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4 > Image 4 of The Kentucky Kernel, April 26, 1918

Part of The Kentucky Kernel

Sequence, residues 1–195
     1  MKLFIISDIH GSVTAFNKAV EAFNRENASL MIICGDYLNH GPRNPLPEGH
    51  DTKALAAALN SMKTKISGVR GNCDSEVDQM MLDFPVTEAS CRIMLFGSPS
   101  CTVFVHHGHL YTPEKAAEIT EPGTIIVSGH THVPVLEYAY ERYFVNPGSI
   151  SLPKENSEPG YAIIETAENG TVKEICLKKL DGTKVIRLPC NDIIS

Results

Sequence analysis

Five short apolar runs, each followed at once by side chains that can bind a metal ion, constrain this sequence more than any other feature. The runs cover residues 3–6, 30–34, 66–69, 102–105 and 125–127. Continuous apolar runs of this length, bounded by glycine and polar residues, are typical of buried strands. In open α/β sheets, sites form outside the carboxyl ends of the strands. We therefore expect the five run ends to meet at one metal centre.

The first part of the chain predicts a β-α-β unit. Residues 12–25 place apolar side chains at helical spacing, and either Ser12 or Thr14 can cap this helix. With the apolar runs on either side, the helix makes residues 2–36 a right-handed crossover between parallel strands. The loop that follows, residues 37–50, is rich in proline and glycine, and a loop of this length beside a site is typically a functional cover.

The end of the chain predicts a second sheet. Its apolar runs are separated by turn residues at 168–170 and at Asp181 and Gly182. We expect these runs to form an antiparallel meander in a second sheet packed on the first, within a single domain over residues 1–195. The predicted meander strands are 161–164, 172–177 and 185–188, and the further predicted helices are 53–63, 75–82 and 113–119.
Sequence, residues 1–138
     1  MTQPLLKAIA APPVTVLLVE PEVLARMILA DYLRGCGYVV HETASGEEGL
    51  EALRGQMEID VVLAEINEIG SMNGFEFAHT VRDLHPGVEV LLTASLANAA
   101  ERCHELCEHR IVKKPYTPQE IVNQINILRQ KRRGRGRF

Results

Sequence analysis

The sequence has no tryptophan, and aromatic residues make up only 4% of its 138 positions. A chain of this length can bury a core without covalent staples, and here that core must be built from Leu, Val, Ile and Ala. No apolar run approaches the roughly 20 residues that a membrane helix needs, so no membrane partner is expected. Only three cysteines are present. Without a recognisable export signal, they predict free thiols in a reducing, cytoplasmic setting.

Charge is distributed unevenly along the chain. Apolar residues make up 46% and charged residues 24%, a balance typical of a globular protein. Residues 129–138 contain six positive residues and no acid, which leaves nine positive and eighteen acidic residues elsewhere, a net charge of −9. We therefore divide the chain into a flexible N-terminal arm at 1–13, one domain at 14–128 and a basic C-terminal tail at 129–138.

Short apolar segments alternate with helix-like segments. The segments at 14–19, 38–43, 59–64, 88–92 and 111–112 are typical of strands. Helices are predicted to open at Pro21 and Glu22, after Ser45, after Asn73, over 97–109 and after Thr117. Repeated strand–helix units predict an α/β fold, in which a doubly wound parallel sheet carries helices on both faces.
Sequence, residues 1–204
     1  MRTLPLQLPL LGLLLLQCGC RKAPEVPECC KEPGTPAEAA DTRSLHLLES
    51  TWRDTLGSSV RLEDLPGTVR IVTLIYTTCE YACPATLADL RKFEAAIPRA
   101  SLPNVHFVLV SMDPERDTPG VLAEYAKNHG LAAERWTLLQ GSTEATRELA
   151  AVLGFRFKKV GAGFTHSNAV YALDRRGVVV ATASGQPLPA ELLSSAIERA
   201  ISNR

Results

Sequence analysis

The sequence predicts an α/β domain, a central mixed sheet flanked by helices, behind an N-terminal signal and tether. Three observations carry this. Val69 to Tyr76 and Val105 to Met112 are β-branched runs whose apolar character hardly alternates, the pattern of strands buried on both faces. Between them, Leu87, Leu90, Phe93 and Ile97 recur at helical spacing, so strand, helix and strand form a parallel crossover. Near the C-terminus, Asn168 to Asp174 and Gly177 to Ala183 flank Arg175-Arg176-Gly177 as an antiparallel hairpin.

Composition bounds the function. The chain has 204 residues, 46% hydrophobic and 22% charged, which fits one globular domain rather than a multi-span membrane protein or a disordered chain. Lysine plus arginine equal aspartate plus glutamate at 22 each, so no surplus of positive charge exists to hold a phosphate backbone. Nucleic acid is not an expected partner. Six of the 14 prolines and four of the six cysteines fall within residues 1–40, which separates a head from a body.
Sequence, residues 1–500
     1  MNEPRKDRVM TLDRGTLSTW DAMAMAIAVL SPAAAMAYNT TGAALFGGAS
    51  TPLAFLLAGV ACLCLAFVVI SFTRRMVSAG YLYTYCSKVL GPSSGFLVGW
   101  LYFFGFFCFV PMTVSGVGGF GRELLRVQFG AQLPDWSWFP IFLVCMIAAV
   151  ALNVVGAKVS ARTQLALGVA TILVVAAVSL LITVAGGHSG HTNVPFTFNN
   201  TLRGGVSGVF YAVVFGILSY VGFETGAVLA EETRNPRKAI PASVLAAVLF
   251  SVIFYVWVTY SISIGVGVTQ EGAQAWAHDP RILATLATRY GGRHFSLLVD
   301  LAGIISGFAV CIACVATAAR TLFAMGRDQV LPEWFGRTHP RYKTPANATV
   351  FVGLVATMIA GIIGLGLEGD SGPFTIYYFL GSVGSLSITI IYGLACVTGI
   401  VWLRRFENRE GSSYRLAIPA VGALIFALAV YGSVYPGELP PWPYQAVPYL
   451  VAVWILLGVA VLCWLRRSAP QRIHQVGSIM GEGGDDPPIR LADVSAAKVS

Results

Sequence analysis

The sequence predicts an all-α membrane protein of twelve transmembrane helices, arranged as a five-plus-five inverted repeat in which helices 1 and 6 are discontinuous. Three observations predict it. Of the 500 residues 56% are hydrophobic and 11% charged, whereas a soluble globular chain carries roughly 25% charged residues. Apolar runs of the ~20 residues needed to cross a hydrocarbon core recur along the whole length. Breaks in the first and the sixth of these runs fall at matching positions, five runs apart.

TH 1 KENTUCKY KERNEL. The Kentucky Kernel Published every Thursday throughout the Collego year by the student body of the University of Kentucky, tor the benefit of the students, alumni and faculty of the Institution. THE KENTUCKY KERNEL is the official newspaper of the University. It is Issued with a view of furnishing to its subscribers all the college news of Kentucky, together with a digest of items of interest concerning the Universities of other States and Canada. SUBSCRIPTION, ONE DOLLAR PER YEAR. Entered at Lexington Postofflce as FIVE CENTS PER COPY second-clas- s mail matter. EDITORIAL STAFF THORNTON CONNBLL At 1m fiiisa M. Piggott Miss Ellaa Spurrier MIm Mildred Graham Charles Planck Frederick Jackson Sam Morton Lee McLean Miss Austin Lilly John J. Leman Virgil Chapman MUs Virginia Helm Milner Miss Elizabeth Murphey Miss Louise Will EDITOR-IN-CHIE- Managing Editor "Squirrel Food" Sporting Editor Feature Editor Law Agriculture .Home Economics Engineering Literary Societies Patterson Hall Exchange Editor Philosophion '. REPORTERS. K. J. Raible, Miss Bessie Conkright, W. S. Sherwood BUSINESS STAFF. Edwin T. Tapscott J. P. Barnes Business Manager Assistant Business Manager -- -- THE LOAFER, A SLACKER Since some of the best informed men in this coun- try and abroad have said that food will win the war, and since no one wants barely to exist on short rations, Food Administrator Hoover "expects every man to do his duty." Any one who can add an onion or a potato to the annual food production of the Allies should do so. War gardens are becoming the fashion as well as the necessity. Many students of the University will engage in work during the summer months; some are preparing for nothing but a loafing "spell." For the few who can afford to, it would be proper to pass the summer in the hammock with a magazine in times of peace, but under present conditions, these few woud be, to say the least, grossly unpatriotic. For anything that can add to the food supply of the United States, and the health of the individual is pressingly important. Agricultural students of the University will be especially in demand this summer in cultivating the soil, and in so doing, they will acquire practical experience. OPPORTUNITY TO SERVE. In compliance with requests of the Government that the University of Kentucky aid in all phases of war work, d students recently organized a charter of the Red Cross here. The local chapter has been active during the last few weeks. Girls are seen going about the campus every chapel day selling sandwiches and keeping the change, but buyers are heartily in accord with the spirit of their rapacity as the proceeds are used to help the Red Cross. Refreshments have been served at some of the student dances. Last week a dance was given by a certain branch of the chapter, the entire proceeds minus the cost, being devoted to the University Red Cross. The Kernel heartily commends the work done by this organization and commends the marked success so far attained by it. It also commends the student body for the liberal manner in which it has bought articles arid amusement offered for sale by these patriotic girls. The Red Cross, however, plans larger activities than any yet undertaken. As will be seen in other columns of this paper, a war film of four reels, entitled "How France Cares for Wounded Soldiers," has been procured from the National Surgical Dressings Committee of New York City, by the War Committee, a University organization working in conjunction with the Red Cross chapter, to be shown for the benefit of the Red Cross at the Opera House May 1. As a supplement to the moving pictures, a sketch dealing with the amuse co-e- ment phase of hospital work at the front will be given by The Strollers who recently scored so decided a success in their annual play. The Strollers are rehearsing regularly and propose to make their part of the show come up to Stroller standard. In behalf of the Red Cross and The Strollers. The Kernel recommends the performance at the Opera House to the students and, in the belief that for the time and money spent they will receive full value, advocates liberal patronage. The entire proceeds from the sale of tickets will be used for war work. One half of the gross receipts of the picture and the sketch will go to the University Red Cross; the remainder will go to the National Surgical Dressings Committee of New York City. yUjpfflRlREL jgpp FOOD 4 LYKELLE POEM NO. 27. The Grade Alphabet. The next year's sophomore fixed his A is Always Answering course A gag that is old. Upon his yellow card. B is for Bluffing, He said, "They will not on me force It knocks the "profs" cold. A subject that Is hard." C is Consoling "The easy course I seek For it gets you by. I will elect some Greek." D it is Dangerous ANOTHER U.K. MAN IS ON WAY "OVER THERE" Newspapers Monday made mention of the departure of approximately 5,000 officers and men, composing the Forty-fiftand Forty-sixtU. S. Infantry and the Twenty-sixtMachine Gun Battalion, from Camp Zachary Taylor to an unknown destination. This division will probably be In active service. In this battalion is Robert E. Duncan, a former University boy, who enlisted at the declaration of war. With Duncan's arrival In France, the University can claim over fifty men "Over There." It is believed that as many more are there, but definite information has not been received for all them. h h h LOUISVILLE ALUMNI TO BANQUET TONIGHT The Louisville alumni of the University of Kentucky, will have their annual dinner at 6 o'clock tonight at Klein's. A large attendance is expected this year because, in addition to the alumni who live in Louisville, and those who are there to attend the meeting of the Kentucky Educational Association, there is a large number of old University of Kentucky men at Camp Zachary Taylor. President McVey will be the chief speaker at the dinner. Among the other speakers there will be Prof. J. T. C. Noe and Major F. J. Montgomery, 334th Infantry, N. A. A coach class you'll try. The freshman lit the fire with kerosene. E is Exasperation, His age it was Just sixteen. When reports home they send All the relatives and friends Or perhaps one should say Are invited to attend, INTERESTING FROGR'M And the funeral takes place at Ever- - That E stands for The END. green. AT LITERARY SOCIETY And Daggone, We Had to Put 'em Back On Again! The Union Literary Society will Girls Help to Win the Warl hold its regular meeting in its rooms and low necks. A few days Wear short dresses in the Gymnasium Building Saturday Your health may suffer, but you are Ago night. An interesting program has We heard a little saving cloth for our soldiers. been arranged. Bird singing E. E. Rice has charge of the devoTake the place of the men. Learn And he mentioned tional exercises. E. S. Dabney will Something about to swear. speak on the "Progress of Work on "Spring the Government's Ship Program." A. Has come." Don't waste light, especially beC. Stevens will give a discussion of and ten o'clock. And for tween seven-thirtcurrent events. B. Hall is down for A little while we .. Seek the darkness of a picture show a violin solo, and Bob Mitchell wih or the free illumination of the moon. Believed him. give a reading. The program will close; But now we with a discussion of the "Wala Wala S Eat white bread and meat three Remember bird," by BIschof. times a day. If you are to carry ten He was in the credit hours you must be well nour- Lilac HARBISON ON VISIT Bushes ished. When he said Lieutenant McClarty Harbison, who Don't forget that our men need some It. is located at Camp Funston, Kansas, aesthetic pleasures. Put the price of was here this week on a ten days' furOh Shawl a Liberty Bond in your spring hats. lough. Lieutenant Harbison was com She "Do you like 'Arms and the missioned at the Second Officers' We were strolling past Patt Hall the Man?" Training Camp and was sent to Camp He "Yes, but I like 'Arms and the Funston, where he became an instrucother day and saw the sign "Zone of Woman,' better." Quiet." We wondered. tor in the third training camp. Lieutenant Harbison was graduated LIEUT. BEATTY, '12, HERE OLD STUDENTS HERE from the Department of Journalism in ON SHORT FURLOUGH 1917. He was a member of Kappa Lieut. T. E. Beatty, of the '12 grad- Alpha, Lamp and Cross and Alpha Lieutenant Ben Mahoney, Hatties- - uating class from the College of MeDelta Sigma fraternities, and was acburg, Bart N. Peak, and Karl Zerfoss, chanical and Electrical Engineering, tive in other student organiatlons Camp Zachary Taylor, all former stu- was in Lexington Friday on his way while here. dents of the University, cousins, and to a camp at Atlanta, Ga. Before atnephews of D. H. Peak, business tending the officers' training camp he FORMER FOOTIALL STAR HERE agent, were here this week on fur- was connected with M. McCandles & Richard Barbee, a former student of loughs. the University, where he played on Company, Brooklyn. Lieutenant Mahoney has been in the football eleven, was in Lexington the service for some time, having been Friday. He is now a lieutenant in on the border with the National guard NO CREDIT FOR MEN ENLISTING the national army and has Just been in 1916. Peak and Zerfoss attended transferred from Camp Zachary TayThe special committee appointed by the Third Training Camp at Camp lor, Louisville, to a 'school of fire' at the University council to consider the Fort Sill, Okla. Zachary Taylor, and were recommended for commissions. giving of credits to students who are called into military service before the PROF. JAMES AT GARDEN CLUS. SAVE YOUR STAMPS! end of their course, reported last week Professor McNeal James spoke at the meeting of the War Garden Club in favor of granting diplomas to all Sacrifice the stamps from your ac and Community Garden workers of cumulated love letters. The govern seniors who bad to leave college to the Third Magisterial district at the go into the army, but undergraduates ment needs them for the dye. Senior high school yesterday afterGive your stamps to Miss Bean at will receive no credit. noon on the "Cultivation of Hardy the Post Office for the University Flowers." Professor Cover directed Auxiliary of the Red Cross. SAVE YOUR TINFOIL the community singing. y